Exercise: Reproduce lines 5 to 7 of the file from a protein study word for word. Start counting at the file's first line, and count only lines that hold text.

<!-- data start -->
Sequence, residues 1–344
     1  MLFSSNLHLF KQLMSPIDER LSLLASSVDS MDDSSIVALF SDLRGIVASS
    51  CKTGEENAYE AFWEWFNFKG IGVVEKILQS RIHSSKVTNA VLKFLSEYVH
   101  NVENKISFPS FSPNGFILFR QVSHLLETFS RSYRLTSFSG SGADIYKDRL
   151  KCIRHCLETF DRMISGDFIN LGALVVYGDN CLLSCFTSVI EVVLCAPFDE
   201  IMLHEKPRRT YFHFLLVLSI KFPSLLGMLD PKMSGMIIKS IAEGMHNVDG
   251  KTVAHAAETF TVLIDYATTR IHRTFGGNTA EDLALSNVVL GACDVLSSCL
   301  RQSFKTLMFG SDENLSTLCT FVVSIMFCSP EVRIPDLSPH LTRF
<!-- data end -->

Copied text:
   151  KCIRHCLETF DRMISGDFIN LGALVVYGDN CLLSCFTSVI EVVLCAPFDE
   201  IMLHEKPRRT YFHFLLVLSI KFPSLLGMLD PKMSGMIIKS IAEGMHNVDG
   251  KTVAHAAETF TVLIDYATTR IHRTFGGNTA EDLALSNVVL GACDVLSSCL